It's not hyperbole to say that this experience changed my life. Although I've worked in office environments before (for nearly 7 years, in my prior life as a graphic artist and military contractor), this internship took place in a setting that was incredibly fulfilling creatively, personally, and professionally.
My coworkers were more than happy, after the initial period of getting to know each other, to offer me all sorts of personal insights about Irish culture, and they were often curious about my perspective on things as an American.
In broader terms, the experience taught me a lot of self-reliance, and it also taught me something that I hadn't realized yet, even at my age (29 years, at the time): I was okay with, and even relished, time spent by myself exploring. Dublin, and Ireland itself, is very safe for Americans and I felt comfortable traveling all over the country by myself.
In more specifics, I found the IES center to be in a great location in Dublin-- easy to access, and easy to get to from wherever we happened to be. I worked on the outskirts of the Dublin Metropolitan area, so it was a bit of a commute to and from work, but it was easy to get from work to our classes, or from work to our apartments. The public transportation in Dublin is a bit confusing at first, but we got the hang of it pretty quickly.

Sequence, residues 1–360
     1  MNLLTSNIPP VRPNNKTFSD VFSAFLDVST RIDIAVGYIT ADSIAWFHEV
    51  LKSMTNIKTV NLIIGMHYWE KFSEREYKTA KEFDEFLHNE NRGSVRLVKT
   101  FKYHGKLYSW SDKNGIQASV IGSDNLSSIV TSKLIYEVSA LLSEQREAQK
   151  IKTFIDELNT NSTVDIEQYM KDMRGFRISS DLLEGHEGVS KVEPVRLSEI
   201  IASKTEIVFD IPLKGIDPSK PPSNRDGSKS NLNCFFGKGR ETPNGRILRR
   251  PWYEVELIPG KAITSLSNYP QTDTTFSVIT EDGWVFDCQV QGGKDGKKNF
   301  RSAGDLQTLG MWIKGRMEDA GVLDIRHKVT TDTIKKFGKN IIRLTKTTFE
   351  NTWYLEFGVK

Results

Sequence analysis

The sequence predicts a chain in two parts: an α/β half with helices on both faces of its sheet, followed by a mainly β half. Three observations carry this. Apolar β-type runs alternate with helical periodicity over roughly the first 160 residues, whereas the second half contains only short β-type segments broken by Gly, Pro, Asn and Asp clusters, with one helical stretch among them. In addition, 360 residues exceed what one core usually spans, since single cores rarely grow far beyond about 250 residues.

The seminars we were required to attend were, while time-consuming, totally relevant to learning about Irish culture and history, and I found it fascinating (even on the days we were exhausted). It was also really useful for learning about what our fellow interns were doing, since we were prettymuch all placed in different places, so the work we did and the experiences we had were really valid.
About halfway through our time in Dublin, our lecturer decided that we should spend at least one of the two seminar periods out and about the city, and for the remaining weeks we got to do things like attend a live broadcast of a news talk show, see a Spanish sailboat at the docks, watch a senior club Hurling match, and even went to one club to learn about Gaelic Games and play them ourselves! Getting out into the city with a knowledgeable, native guide was really fun and also really useful.
I never felt lost or really on my own in my time there-- I felt like there were resources, if I needed them, and luckily I didn't feel like I needed too many.
It was a shock coming back to America, and in the months I've been back, I've actually decided to try relocating to Dublin after I graduate so I can live and work there. Never, ever would have considered living outside of America before... but, there are things I can get in Dublin that I can't get anywhere else in the world.